3. What do you suggest organisations do to make the workplace more supportive of transition? I would suggest that all organisations give access to coaches and mentors to those people in gender transition but actually during transition more widely. New parents (of which I am also one!), taking on new roles of any kind or adapting to new ways of doing things can bring about additional stresses to achieving the balance. The impact of unconditional positive regard and active listening would be immensely positive in these scenarios. For me though, I believe it is an integrated and well-considered systems approach that will be of most help. The Employee Experience and journey needs to be mapped out and personalised depending on the type of transition. This could include a quieter café or lunch area to go to during the early days of change, a designated ‘safe space’ to occupy for reflection and a buddy system through reciprocal mentoring or coaching partnership to give the thinking space and social support needed throughout. I also believe that organisations could more thoroughly carry out briefing (with the person’s buy-in) the wider team so that the ‘cost of thinking twice’ and additional stress of explaining the ‘back-story’ to different audiences is removed. I think the main improvement in my mind is for organisations to think differently about the nature of transition and make it a positive experience for all involved.



In summary, transition in the workplace should be celebrated because it is actually something we all have in common. It’s time to embrace change, particularly in light of Covid19, and see transition in the workplace as a mechanism to improve the ways things are done, and demonstrate a dynamic set of skills, such as strategic thinking, innovation and resilience through inclusive and fair practices.

Coaching, Mentoring and Systems Thinking

Coaching and mentoring are both critical to the development of people from underrepresented and marginalised identity groups, and inclusive of trans* identities. Trans* friendly coaching and mentoring explores the best coping strategies for that individual, by taking back control and managing life effectively alongside self discovery.


Systems thinking is a process, language or set of tools to illustrate our thinking about how systems we are all a part of, operate and how best to navigate them. Trans* friendly coaching and mentoring includes systems which are put in place to help cope with gender normative restrictions and environments when exploring gender identity. Trans* people have voiced concerns about gender role expectations, the extent to which gender issues are discussed in the workplace or physical workplace navigation such as which bathroom to use when starting a new job. In such instances the coachee/mentor could act as an advocate to address the client’s needs by liaising with the workplace and/or external agencies such as health services, social workers, gender identity clinics, housing offices etc. This is because there are many gender identity policies in place within the work place which may not actually protect trans* people, because often the policies and the system(s) in place, are not fully understood by management, coworkers or other stakeholders at hand.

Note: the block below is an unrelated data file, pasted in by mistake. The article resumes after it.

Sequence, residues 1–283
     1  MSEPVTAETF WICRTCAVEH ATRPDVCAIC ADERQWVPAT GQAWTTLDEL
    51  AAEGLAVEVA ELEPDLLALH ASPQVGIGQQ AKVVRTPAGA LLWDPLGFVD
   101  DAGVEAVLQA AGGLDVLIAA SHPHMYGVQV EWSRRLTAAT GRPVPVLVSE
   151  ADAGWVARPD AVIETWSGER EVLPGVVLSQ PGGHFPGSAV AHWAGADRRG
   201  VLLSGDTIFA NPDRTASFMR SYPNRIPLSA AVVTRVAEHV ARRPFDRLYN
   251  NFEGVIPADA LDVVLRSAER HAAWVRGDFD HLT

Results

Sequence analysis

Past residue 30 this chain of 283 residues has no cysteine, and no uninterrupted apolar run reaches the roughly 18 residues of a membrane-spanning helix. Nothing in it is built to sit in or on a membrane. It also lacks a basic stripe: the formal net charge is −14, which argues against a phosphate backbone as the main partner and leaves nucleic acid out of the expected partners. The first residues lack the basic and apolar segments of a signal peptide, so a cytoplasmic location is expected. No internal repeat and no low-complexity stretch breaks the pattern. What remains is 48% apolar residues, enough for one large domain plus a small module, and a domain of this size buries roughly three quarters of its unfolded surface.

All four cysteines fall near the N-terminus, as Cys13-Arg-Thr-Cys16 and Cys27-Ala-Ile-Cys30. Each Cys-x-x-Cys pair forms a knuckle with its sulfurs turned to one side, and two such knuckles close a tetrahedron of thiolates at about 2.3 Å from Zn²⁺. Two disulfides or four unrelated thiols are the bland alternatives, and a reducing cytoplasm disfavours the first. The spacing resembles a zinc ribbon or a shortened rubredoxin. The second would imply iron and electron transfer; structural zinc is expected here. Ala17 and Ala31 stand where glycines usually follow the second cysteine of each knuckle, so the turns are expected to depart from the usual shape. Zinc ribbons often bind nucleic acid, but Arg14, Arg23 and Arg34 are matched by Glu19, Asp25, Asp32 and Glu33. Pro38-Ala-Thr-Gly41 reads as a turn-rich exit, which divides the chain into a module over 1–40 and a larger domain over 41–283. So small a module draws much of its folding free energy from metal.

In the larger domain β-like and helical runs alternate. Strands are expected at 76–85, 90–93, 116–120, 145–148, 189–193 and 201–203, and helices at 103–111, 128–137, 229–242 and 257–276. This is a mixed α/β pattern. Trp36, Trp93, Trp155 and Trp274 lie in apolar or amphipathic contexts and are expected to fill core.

Inclusion & Diversity

Diversity and Inclusion (D&I) has actually been switched by many organisations to Inclusion and Diversity (I&D) on the premise that striving for inclusion should come first. This is a welcome change because embracing and understanding both ourselves and others should be our priority. With the shocking events of 2020 and the ‘Black Lives Matter’ global campaign, seeking to include individuals from a variety of different backgrounds in the workplace and beyond has never been more important.


Intersectionality is a relative new phrase now being used by the I&D and particularly the LGBTQ+ community. The term helps those individuals who do not want to identify with one or two binary groups and instead, break free from the ‘label’ or ‘box’. Intersectionality, therefore, articulates the need to look at multiple characteristics and identities, and how they overlap and intersect as a whole, to understand the lived experiences of others. For example, Ethan does not lead with being a Transman even though it is an aspect of him. He is also a husband, father, entrepreneur, friend and many other things. Not one element is ranked higher than the next because his identity is shaped by a diversity of experience. He actually describes himself as a ‘living system’ because it better defines who he is and how he thinks.


The I&D agenda has a crucial role to play in shaping the future of the workplace because it develops strategy, policies, procedures, training and events to improve the organisational culture in which people work. We are seeing more and more I&D teams using coaching and mentoring language and introducing programmes to support employees in transition. Inviting a coaching culture where people and teams are encouraged to develop coaching and mentoring skills for the better inclusion of everyone, is both an ethically and commercially advantageous. Prof. David Clutterbuck’s five stage ‘Diversity Awareness Ladder’ is instrumental to understanding one’s own and other’s level of diversity awareness. With this knowledge, we can help one another to have more positive conversations, improve social justice initiatives and navigate relationships better. After all, relationships are, by their very nature, transient and evolving.